As countries around the world struggle to reach an agreement on an extension of the Kyoto Protocol, the voluntary international carbon trading market is picking up steam.
The voluntary carbon market posted a 34 percent gain in 2010, trading a record 131 million tons of carbon dioxide equivalent (MtC02e). While the US accounted for the majority of trading activity, worth $424 million in total, market growth was strongest in developing countries.
The US remained the primary participant in voluntary carbon markets in 2010, offering more than one-third of carbon credits and purchasing nearly half of available credits. This is positive news for the US given that last year proved difficult for market participants: failure of the US federal government to act on climate change again contributed to the closure of the Chicago Climate Exchange (CCX) and smaller US markets. However, regional markets in California and the Western Climate Initiative withstood the pressure and gathered support from many US suppliers.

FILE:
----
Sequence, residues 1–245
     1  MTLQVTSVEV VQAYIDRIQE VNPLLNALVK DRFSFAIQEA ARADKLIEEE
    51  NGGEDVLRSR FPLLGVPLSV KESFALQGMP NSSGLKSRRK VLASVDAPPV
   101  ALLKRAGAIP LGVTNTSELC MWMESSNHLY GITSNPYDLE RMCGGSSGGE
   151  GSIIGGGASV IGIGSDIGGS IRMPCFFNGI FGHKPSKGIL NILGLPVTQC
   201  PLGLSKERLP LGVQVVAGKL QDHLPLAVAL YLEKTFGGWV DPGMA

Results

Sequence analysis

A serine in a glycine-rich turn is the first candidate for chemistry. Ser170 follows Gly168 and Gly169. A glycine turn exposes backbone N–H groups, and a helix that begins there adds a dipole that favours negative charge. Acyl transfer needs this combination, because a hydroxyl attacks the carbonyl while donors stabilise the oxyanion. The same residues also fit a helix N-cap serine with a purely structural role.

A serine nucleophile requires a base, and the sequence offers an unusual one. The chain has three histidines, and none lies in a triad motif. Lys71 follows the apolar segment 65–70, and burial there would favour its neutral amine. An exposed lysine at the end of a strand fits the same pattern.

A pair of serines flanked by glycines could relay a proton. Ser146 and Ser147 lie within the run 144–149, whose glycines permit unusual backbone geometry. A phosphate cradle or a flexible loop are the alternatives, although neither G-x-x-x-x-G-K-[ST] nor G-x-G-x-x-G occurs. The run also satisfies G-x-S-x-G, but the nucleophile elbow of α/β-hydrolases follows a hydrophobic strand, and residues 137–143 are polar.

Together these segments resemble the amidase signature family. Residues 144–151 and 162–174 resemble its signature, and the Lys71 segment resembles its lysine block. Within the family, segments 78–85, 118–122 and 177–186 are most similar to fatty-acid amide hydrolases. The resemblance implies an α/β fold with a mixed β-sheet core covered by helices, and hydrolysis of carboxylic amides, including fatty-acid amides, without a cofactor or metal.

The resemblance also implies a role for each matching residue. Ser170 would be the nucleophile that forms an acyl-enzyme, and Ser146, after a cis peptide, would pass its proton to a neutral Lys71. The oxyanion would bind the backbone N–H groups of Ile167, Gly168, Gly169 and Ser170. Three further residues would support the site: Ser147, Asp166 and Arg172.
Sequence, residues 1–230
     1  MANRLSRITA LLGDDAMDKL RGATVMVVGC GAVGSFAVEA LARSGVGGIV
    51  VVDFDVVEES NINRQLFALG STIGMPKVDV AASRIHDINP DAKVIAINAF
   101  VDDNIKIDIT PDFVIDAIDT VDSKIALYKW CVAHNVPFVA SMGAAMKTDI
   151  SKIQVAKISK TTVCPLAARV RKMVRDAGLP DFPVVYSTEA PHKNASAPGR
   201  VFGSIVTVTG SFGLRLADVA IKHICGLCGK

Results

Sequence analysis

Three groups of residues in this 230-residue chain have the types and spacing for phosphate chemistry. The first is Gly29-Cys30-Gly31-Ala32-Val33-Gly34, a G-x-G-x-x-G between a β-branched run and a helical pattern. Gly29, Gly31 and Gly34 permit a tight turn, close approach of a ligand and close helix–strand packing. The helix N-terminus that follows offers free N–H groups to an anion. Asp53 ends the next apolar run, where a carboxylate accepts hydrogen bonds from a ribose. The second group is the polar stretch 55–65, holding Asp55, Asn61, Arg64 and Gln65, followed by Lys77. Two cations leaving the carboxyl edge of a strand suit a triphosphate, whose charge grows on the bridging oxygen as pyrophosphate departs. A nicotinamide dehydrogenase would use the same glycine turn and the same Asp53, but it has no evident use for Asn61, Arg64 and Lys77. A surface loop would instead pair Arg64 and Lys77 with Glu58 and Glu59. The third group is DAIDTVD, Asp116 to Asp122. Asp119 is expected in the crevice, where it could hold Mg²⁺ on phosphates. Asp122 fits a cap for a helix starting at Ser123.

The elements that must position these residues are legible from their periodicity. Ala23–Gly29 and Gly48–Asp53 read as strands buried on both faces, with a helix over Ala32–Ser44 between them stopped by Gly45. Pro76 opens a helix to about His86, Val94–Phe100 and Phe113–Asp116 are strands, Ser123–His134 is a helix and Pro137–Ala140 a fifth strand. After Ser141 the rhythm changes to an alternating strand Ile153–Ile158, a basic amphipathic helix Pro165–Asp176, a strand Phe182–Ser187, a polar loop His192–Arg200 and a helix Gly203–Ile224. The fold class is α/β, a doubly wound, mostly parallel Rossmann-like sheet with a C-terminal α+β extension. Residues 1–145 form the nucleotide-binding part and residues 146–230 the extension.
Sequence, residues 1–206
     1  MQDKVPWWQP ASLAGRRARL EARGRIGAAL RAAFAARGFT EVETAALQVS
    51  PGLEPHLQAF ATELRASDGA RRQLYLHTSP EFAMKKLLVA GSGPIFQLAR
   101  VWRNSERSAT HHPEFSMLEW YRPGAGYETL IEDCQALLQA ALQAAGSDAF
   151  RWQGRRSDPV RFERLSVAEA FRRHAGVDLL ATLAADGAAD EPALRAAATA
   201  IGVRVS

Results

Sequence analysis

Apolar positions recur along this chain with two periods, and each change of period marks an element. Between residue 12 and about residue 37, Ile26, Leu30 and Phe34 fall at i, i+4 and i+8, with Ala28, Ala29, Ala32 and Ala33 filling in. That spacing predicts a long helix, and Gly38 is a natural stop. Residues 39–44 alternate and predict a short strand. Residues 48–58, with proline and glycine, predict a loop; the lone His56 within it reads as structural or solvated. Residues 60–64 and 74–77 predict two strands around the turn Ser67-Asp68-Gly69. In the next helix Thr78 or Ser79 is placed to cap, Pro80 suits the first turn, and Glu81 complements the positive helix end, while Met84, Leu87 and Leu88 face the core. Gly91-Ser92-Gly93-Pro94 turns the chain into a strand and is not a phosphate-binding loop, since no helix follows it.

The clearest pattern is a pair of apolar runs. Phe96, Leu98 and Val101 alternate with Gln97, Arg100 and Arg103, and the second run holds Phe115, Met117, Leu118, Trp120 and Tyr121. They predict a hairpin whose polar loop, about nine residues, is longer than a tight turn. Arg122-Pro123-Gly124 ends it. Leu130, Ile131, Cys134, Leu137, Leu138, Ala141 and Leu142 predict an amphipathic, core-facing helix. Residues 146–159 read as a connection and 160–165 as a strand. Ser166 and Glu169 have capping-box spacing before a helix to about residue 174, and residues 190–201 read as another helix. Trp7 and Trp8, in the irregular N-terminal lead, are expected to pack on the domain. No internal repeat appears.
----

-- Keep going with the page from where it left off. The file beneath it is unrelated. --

The news comes from a report by Forest Trends' Ecosystem Marketplace and Bloomberg New Energy Finance.
From the report:
Embracing the mantra of "what doesn't kill us makes us stronger," the market infrastructure turned recent years' political and economic unknowns to their advantage. Seeing that corporate and citizen consumers were willing and able to carry the climate action torch, standards began to trial approaches to scale up their "most wanted" locally-based projects. Registries built new partnerships, alliances, and even sub-national registries in an effort to share both the risks and rewards of shifting market dynamics. In these and many other ways, suppliers of market infrastructure and carbon credits looked back on recent lessons learned to plot a future market that they hope remains resilient to change.